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Chinese and Malaysian solar panels face 25% safeguard duty in India

The Indian government is likely to impose a safeguard duty of 25 per cent on solar cells and modules imported from China and Malaysia for the coming two years, increasing the cost of more than 85 per cent of the solar capacity in the country.


Exempting all other exporting nations such as the US, the UK, and Taiwan, the Directorate General of Trade Remedies in a gazette notification has recommended 25 per cent duty in the first year, 20 per cent for the first six months of the second year, and 15 per cent for the balance six months.

The imposition of duty would be notified by the Department of Revenue, Ministry of Finance. The DGTR has not notified duty on the three solar cells and module manufacturers in the special economic zone area – Adani Green Energy, Vikram Solar, and Websol Energy. 

The notification said the issue of levy of SGD on sales/clearances by SEZ units falls under section 30 of the SEZ Act and Section 8B of the Custom Tariff Act, 1975, and hence “required to be dealt by the relevant competent authorities and outside the purview of this investigation.”

“It should be noted that if the SGD is imposed without exempting the SEZ, it will affect the domestic manufacturing industry adversely as 3,825 megawatt of the 8,898 Mw of installed capacity of solar modules is based in the SEZ and 2,000 Mw of the 3,164 Mw of installed capacity for solar cells is based in the SEZ. If the government wants to impose SGD, it should exempt the SEZ,” said Gyanesh Chaudhary, managing director and chief executive officer, Vikram Solar.

The SGD would lead to an escalation of 60-70 paise in the solar power rates which are currently hovering around Rs 2.5 per unit and above. “The final solar power tariff would now shoot above Rs 3 per unit,” said a solar power producer, adding that in case of roof-top solar projects, the tariff would be more than Rs 4 per unit. This would render roof-top solar projects costly and unviable, he said.

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The Indian Solar Manufacturers Association had filed an application in June last year with the government claiming imported solar cells have flooded the market, causing injury to the domestic industry. The association urged for a SGD for a level playing field.

The Directorate General of Safeguards in its preliminary report in January this year investigating had suggested a duty of 70 per cent on the imports coming from China. The DGS was merged with other trade remedial bodies under the umbrella organisation DGTR in May.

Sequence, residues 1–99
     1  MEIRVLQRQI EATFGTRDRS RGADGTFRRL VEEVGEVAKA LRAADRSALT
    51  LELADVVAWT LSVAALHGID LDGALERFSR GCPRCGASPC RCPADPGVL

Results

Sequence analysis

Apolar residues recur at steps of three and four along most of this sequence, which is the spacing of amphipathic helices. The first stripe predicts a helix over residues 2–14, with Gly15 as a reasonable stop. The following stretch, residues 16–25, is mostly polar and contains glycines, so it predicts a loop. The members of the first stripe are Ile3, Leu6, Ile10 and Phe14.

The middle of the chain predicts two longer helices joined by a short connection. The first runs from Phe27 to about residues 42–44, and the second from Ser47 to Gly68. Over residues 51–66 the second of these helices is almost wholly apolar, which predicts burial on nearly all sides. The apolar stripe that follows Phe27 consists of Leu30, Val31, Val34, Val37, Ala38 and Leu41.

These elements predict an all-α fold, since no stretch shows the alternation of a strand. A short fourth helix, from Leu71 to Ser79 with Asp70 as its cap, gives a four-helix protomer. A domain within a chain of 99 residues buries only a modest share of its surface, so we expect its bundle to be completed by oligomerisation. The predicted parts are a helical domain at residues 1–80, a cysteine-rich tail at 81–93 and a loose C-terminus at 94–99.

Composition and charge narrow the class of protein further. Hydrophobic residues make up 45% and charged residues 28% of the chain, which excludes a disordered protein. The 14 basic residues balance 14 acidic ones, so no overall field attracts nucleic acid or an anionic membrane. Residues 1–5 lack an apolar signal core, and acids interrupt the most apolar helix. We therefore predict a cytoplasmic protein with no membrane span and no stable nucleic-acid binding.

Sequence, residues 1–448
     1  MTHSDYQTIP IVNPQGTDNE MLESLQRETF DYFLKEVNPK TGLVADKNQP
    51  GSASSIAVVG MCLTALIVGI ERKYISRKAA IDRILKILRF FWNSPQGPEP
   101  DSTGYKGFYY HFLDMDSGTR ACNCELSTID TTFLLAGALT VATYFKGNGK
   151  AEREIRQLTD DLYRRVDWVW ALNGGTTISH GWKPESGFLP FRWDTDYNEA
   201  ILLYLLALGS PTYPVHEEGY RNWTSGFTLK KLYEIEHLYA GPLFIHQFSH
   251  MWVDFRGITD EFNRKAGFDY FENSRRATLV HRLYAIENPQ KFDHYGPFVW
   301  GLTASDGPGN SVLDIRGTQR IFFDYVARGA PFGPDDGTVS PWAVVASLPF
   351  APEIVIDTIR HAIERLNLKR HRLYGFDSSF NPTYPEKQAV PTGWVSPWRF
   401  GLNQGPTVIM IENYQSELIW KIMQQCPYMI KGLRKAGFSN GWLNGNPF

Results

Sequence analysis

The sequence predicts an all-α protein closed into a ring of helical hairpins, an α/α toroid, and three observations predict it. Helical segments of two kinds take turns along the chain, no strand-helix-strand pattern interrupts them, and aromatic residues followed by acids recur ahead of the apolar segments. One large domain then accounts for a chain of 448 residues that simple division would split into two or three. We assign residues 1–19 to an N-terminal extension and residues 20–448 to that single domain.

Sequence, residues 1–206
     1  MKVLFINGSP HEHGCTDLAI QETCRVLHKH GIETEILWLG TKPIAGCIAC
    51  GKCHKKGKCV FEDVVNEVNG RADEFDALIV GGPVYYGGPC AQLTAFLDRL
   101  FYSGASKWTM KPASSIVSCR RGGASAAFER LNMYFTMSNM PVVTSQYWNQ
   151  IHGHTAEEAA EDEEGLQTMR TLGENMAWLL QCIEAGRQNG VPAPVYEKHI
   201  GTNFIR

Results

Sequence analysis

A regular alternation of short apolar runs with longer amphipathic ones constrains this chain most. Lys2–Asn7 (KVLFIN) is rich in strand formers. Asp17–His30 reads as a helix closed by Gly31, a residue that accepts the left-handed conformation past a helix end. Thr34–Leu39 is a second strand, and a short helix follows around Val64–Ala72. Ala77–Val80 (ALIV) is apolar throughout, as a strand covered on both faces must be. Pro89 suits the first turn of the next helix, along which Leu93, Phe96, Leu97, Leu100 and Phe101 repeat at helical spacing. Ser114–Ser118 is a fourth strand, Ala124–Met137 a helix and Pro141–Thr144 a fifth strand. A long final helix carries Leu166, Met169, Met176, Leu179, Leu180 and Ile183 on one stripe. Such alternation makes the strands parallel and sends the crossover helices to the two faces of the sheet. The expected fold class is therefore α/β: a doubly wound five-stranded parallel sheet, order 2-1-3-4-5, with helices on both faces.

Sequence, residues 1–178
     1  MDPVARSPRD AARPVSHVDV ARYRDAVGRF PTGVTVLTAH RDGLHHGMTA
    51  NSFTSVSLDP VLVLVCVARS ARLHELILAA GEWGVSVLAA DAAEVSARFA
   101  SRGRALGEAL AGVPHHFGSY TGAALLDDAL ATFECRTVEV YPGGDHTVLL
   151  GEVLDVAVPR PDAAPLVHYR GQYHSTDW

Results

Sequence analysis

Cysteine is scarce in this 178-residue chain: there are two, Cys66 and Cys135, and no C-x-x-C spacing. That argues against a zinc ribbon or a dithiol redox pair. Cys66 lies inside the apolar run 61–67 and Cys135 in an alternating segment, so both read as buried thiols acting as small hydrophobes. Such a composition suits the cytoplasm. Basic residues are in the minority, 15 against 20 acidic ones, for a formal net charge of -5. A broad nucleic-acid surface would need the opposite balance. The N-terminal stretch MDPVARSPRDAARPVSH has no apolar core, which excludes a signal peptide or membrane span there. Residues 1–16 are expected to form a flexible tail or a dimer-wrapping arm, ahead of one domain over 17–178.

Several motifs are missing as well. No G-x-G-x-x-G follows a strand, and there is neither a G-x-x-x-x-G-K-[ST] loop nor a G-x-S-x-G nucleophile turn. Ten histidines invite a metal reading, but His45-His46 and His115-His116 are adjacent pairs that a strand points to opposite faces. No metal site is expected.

The DGTR held a hearing of all stakeholders in the matter, including ISMA, Indian power project developers and their association, exporting countries – China, Taiwan, Europe, the US, and their respective trade associations and government officials.

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In its final recommendation, the DGTR observed that the position of domestic industry “further deteriorated on account of continued low price of import of product under consideration which continued price injury to the domestic industry, thereby establishing the threat of injury as well.”

The DGTR took into consideration the market share and profitability, which sharply declined over the injury period 2014-2015 to 2017-2018 whereas market share of imports have increased during the same period.

The Indian solar manufacturing had asked for 95 per cent SGD on imports. On the other side, Indian project developers and more than a dozen importers from China, Taiwan, Canada, etc said any SGD would be detrimental to India’s solar target. In its application, ISMA has estimated that with a duty of 20 cents/watt, the increase in power tariffs would be Rs 0.7 per unit. The project developers however, have calculated the increase to be around Rs 1-1.5 per unit.

The current installed capacity of Indian solar cell manufacturing is around 1,386 Mw and the module is close to 2,500 Mw, according to government estimates. Less than 20 per cent of the manufacturing capacity is operational due to low demand. Of the total solar power generating capacity, more than 80 per cent is built on imported cells from China, 10 per cent from the US, and the balance domestic. India’s current solar power installed capacity is 21,000 Mw.

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